At a recent SIG event a delegate asked the above question, which caused a few head itching moments for us committee members. The question above is very different from the value and benefit of portfolio management, which includes the practical ways in which we go about making portfolios happen efficiently and effectively, from identification to delivery.
The dictionary says that value can be defined as worth. So for an actively managed portfolio, implemented at any level, should worth always be articulated in the common business language of financial value? Surely, if the worth, whatever it may be, is risk adjusted, and for future opportunity, isnt that why we invest in change after all? I hear many screaming already that not every portfolio has financial value. Sometimes we do things for the greater good of mankind. This begs the question: why would any organisation invest in any portfolio of change without a clear financial value?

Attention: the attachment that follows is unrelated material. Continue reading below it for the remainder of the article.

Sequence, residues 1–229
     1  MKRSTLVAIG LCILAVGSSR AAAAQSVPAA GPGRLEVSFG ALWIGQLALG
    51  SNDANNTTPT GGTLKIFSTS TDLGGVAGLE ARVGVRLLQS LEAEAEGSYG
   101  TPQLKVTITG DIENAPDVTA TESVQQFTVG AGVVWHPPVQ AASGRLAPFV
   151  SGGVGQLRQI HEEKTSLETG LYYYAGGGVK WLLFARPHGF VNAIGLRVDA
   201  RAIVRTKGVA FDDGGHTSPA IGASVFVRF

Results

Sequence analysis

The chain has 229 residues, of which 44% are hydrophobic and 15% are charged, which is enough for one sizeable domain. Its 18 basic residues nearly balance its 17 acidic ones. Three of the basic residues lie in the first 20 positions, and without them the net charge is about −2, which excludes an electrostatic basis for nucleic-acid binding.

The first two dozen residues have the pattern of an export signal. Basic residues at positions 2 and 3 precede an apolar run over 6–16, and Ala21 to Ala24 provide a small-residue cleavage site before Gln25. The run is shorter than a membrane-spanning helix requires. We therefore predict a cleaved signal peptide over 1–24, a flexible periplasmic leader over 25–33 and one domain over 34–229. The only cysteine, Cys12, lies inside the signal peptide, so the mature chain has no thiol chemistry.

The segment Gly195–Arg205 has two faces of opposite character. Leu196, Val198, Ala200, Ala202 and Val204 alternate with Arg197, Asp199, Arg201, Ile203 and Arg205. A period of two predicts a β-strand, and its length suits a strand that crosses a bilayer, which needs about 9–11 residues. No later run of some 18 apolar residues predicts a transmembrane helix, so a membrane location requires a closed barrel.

One answer is that value may be very different to the benefits of having a portfolio. The benefits could involve many reasons for focusing an organization to invest its resources on what it needs to deliver. Benefits could be driving difficult decision making, or bringing about a benefits (=focused) culture, or developing new organizational capability which will bring the best chance of overall business success.
Is the difference really that simple? Or do we make portfolios more complex because we can, and is the value of a portfolio nothing more than the sum of its partsbenefits, financial and otherwise?
If you have any views or thoughts on portfolio value vs benefits, and whether theyre the same or different then please drop us a line.